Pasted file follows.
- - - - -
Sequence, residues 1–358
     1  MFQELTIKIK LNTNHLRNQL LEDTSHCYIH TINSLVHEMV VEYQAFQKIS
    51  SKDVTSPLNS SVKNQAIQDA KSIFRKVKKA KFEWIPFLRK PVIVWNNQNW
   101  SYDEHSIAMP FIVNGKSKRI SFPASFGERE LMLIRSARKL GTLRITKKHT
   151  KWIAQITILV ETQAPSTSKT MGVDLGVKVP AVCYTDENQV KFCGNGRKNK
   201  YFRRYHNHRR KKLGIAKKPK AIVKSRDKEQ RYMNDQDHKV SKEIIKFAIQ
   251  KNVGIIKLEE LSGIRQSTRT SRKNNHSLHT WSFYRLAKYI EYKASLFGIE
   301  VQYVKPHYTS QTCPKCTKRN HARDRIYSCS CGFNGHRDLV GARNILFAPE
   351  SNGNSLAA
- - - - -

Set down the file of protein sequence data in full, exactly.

Sequence, residues 1–358
     1  MFQELTIKIK LNTNHLRNQL LEDTSHCYIH TINSLVHEMV VEYQAFQKIS
    51  SKDVTSPLNS SVKNQAIQDA KSIFRKVKKA KFEWIPFLRK PVIVWNNQNW
   101  SYDEHSIAMP FIVNGKSKRI SFPASFGERE LMLIRSARKL GTLRITKKHT
   151  KWIAQITILV ETQAPSTSKT MGVDLGVKVP AVCYTDENQV KFCGNGRKNK
   201  YFRRYHNHRR KKLGIAKKPK AIVKSRDKEQ RYMNDQDHKV SKEIIKFAIQ
   251  KNVGIIKLEE LSGIRQSTRT SRKNNHSLHT WSFYRLAKYI EYKASLFGIE
   301  VQYVKPHYTS QTCPKCTKRN HARDRIYSCS CGFNGHRDLV GARNILFAPE
   351  SNGNSLAA